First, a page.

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Yad Vashem The Story of the Jewish Community in Würzburg

Würzburg Before the Holocaust

The Jews of Würzburg During the Weimar Republic

וירצבורג - אסתר גולומב לפני המלחמה. אסתר לבית לאופר היתהWürzburg – Esther Golomb, before the war. Esther Golomb née Laufer married Mendel Golomb, and the couple had ten children. Würzburg – Esther Golomb, before the war.
Esther Golomb née Laufer married Mendel Golomb, and the couple had ten children.

Würzburg, 1919. The interior of the Small Synagogue at Kettengasse 26, after its renovation. This synagogue stood across from the Great Synagogue of Würzburg, and the two buildings shared a courtyard. Würzburg, 1919. The interior of the Small Synagogue at Kettengasse 26, after its renovation.
This synagogue stood across from the Great Synagogue of Würzburg, and the two buildings shared a courtyard.

The Sachs family, Würzburg, 1920s. The brothers Simon-Michael and Gustav-Gershon with their wives, sisters Klara and Karolina née Marx. The Sachs family, Würzburg, 1920s.
The brothers Simon-Michael and Gustav-Gershon with their wives, sisters Klara and Karolina née Marx.
Simon died in Würzburg in 1929 and his brother in 1930. In April 1942 Klara and Karolina were sent from Würzburg to the East where they perished.

Würzburg, 1928. A ballet at the municipal theater in Würzburg. Among the dancers, second from right, is Gustava Meyerhof. Würzburg, 1928. A ballet at the municipal theater in Würzburg. Among the dancers, second from right, is Gustava Meyerhof.
11 November 1928, Würzburg. An advertisement for the municipal ballet. Gustava Meyerhof is among the dancers 11 November 1928, Würzburg. An advertisement for the municipal ballet.
Gustava Meyerhof is among the dancers.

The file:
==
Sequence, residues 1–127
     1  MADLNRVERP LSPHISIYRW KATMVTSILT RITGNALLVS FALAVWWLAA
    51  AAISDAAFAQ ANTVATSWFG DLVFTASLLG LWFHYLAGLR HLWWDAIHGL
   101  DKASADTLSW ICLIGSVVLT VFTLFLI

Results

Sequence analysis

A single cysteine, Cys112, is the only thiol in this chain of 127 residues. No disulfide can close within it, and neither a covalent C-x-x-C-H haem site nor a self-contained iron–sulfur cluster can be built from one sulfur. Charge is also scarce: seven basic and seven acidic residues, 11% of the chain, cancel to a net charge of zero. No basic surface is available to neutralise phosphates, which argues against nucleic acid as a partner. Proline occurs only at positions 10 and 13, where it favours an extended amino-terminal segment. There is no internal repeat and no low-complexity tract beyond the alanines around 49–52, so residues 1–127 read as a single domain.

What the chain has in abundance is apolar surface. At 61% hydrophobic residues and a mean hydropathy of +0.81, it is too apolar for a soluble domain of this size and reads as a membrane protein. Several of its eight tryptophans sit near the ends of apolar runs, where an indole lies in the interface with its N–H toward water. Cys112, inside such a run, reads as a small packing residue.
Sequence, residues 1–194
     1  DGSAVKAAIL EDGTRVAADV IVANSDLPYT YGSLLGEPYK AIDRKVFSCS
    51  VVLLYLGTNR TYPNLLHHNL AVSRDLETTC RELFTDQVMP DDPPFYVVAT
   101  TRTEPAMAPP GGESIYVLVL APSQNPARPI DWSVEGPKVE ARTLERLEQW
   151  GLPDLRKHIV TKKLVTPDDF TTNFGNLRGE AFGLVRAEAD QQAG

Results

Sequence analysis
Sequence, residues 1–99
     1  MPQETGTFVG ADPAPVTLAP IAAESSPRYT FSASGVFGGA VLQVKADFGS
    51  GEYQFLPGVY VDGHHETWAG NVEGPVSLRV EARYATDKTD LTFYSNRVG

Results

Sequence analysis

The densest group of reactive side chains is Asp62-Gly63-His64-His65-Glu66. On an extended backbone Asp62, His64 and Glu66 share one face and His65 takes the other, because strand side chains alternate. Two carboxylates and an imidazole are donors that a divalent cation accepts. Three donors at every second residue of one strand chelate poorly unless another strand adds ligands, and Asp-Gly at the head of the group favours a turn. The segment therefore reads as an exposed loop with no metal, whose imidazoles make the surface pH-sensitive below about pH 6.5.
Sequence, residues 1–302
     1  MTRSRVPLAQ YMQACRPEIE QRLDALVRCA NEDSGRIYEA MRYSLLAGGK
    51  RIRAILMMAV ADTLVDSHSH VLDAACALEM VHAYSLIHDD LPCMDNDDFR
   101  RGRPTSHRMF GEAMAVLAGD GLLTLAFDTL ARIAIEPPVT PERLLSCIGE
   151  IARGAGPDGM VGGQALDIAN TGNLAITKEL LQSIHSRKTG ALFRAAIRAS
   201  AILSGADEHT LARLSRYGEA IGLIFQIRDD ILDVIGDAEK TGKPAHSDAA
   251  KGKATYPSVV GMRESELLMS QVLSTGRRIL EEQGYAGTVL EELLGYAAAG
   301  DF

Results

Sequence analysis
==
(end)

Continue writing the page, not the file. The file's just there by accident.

Despite the rising antisemitic sentiment in Bavaria in the wake of the First World War, in 1919 four Jews were elected to the city council in Würzburg. Among them was Felix Freudenberger, who was elected mayor. The Jews of Würzburg were also active in other civic institutions. Wilhelm Kahn, for example, served on the city council for 22 years, and was also head of the wine traders union in Lower Franconia.

Some two thirds of the city’s Jews worked in commerce, and many others were employed in the free professions. Consequently, the Jewish community enjoyed an economic and cultural boom. The city and its university became a magnet for young Jewish students from across Germany, which increased even further the effervescence of Jewish civic life in Würzburg.

In the 1926 elections to the community council, the orthodox and liberal parties each won eight seats, while the "Center Party" won two. The leader of the community was Gershon Haas, who also headed most of community’s public institutions. For the first time, Jews who had emigrated from Eastern Europe also won a place on the council. Two years earlier, in 1924, they had built their own synagogue in Würzburg. The required waiting period before receiving voting rights for Jewish community institutions had been shortened from five years to three.